Before I watched Knock Down the House, I joked on Instagram that the movie would eventually have me thinking about running for office. If the United States political system was truly equitable and actually worked, more everyday Americans would be representing us in office and advocating for issues that benefit all citizens. As someone who is a sap for emotional and uplifting storylines, the trailer had me in my bag. For a moment, I felt compelled to believe that filling political seats with untraditional candidates would truly transform the United States’ political framework. Then, the credits rolled and I snapped out of my politicized stupor.
The film heavily focuses on Alexandria Ocasio-Cortez’s triumph, so much so that the other three women who ran alongside Ocasio-Cortez seem to be merely footnotes in Ocasio-Cortez’s growing political career. Ocasio-Cortez is framed as the winner of the typical American relay race; the one where countless people build upon their successes and continue to pass along the baton until one person, deemed to be exceptional, crosses the finish line. The film did a great job of highlighting the team that transpired to carry Ocasio-Cortez to the finish line, but if all the women who ran had similar campaigns, stories of struggle and triumph, and arguably the same amount of zeal, why is Ocasio-Cortez the only candidate who won a Congressional seat?
“Why me?” is a sentiment echoed by all the women featured in the film. Rightly so. In all the years that the United States’ politics have wreaked havoc upon the world, never before had a young bartender from the Bronx, a coal miner's daughter from West Virginia, a grieving mother from Nevada, and a registered nurse from Missouri garnered enough audacity to challenge powerful incumbents in Congress. Yet, these stories are the archetypes of American propaganda. From the moment that the original downtrodden colonizers stepped foot on this land and managed to declare freedom from what was one the biggest superpowers in the world, what has been able to be repackaged and sold in this country is the story of the underdog who manages to overcome their plight and become successful.
Amongst all the other women who ran for office, Alexandria Ocasio-Cortez is the embodiment of that narrative. Despite her fears regarding her bid for office, Ocasio-Cortez brought her full self to the race; she was vulnerable, honest, and angry as hell. What Ocasio-Cortez demonstrates is that a willingness to show up as your full self is a competitive advantage. Aside from the obvious notion that most people choose to be dishonest about their lives, being transparent about your identity and personhood allows us to build communities that are sustainable and to some extent, healing. When we show up as our full selves, we are giving our community members permission to do the same. And as much as the story of the relentless underdog has been repackaged to finance the dreadful American Dream, it can also be used to bring our communities together not with the hope of being exactly like us, but with the permission to show up authentically as themselves.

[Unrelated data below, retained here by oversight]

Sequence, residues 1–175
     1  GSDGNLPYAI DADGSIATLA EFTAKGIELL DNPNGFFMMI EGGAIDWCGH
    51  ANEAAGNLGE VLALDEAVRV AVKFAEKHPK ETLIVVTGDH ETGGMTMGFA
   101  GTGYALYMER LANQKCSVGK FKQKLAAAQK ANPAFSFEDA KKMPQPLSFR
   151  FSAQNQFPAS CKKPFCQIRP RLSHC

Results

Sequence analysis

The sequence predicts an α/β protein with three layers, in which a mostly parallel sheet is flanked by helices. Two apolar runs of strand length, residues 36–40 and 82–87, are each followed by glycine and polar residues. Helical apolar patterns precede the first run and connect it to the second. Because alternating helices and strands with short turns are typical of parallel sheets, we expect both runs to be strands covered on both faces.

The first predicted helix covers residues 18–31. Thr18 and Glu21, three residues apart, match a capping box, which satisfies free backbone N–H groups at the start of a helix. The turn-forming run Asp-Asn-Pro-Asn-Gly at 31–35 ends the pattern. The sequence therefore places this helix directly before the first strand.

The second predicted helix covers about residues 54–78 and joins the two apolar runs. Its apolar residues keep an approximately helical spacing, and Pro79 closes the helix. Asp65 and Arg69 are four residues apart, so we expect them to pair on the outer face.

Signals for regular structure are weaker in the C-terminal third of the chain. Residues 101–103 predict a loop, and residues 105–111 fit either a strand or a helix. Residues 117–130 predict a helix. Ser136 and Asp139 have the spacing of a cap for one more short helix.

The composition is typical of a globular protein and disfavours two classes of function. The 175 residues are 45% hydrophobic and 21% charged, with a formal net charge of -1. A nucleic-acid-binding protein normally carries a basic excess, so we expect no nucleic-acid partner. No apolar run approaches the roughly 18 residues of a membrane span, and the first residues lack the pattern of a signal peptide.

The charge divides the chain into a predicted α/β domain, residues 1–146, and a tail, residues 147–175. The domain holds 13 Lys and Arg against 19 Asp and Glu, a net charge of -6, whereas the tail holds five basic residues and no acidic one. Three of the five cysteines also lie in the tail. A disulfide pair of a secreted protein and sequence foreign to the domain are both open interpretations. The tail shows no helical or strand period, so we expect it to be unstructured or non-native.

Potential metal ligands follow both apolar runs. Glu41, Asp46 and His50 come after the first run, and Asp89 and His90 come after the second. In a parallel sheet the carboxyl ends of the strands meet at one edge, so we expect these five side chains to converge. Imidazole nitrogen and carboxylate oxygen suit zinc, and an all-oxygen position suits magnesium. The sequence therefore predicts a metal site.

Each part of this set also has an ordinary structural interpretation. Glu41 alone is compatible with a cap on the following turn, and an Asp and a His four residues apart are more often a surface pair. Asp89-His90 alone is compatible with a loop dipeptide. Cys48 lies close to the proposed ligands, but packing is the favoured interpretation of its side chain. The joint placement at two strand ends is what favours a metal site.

It can also be argued that, amongst the other candidates, Ocasio-Cortez was the outlier. As a candidate running for a Congressional seat to represent the Bronx and Queens districts of New York, as a loud mouthed New Yorker advocating for the abolishment of ICE, as a young woman who had the audacity to run against one of the most powerful Democrats in the nation, Ocasio-Cortez’s bid for office was ambitious, but not as ambitious as the other candidates who were doing the exact same thing in Southern states. Based on the film, it seems that despite running for offices in states that had unique plights and political cultures, the same strategy was being used for all four candidates. With that in mind, what the film demonstrates is that sometimes, regardless of the end goal - which was to increase the amount of women in Congress - strategy is just as important as audacity. And if you don’t have the strategy, you might only end up with one winner, if any.
After watching Knock Down the House, I can guarantee that you won’t see me running for political office. But, in regards to orchestrating ambitious political plans, the film did reinforce some important truths. Any political campaign, whether it involves a bid for a political seat, establishing a community-based venture, or making attempts to radicalize your family and friends, requires community building. And community cannot be built without a commitment to authenticity and a strategy that takes into account the peculiarity of your constituency.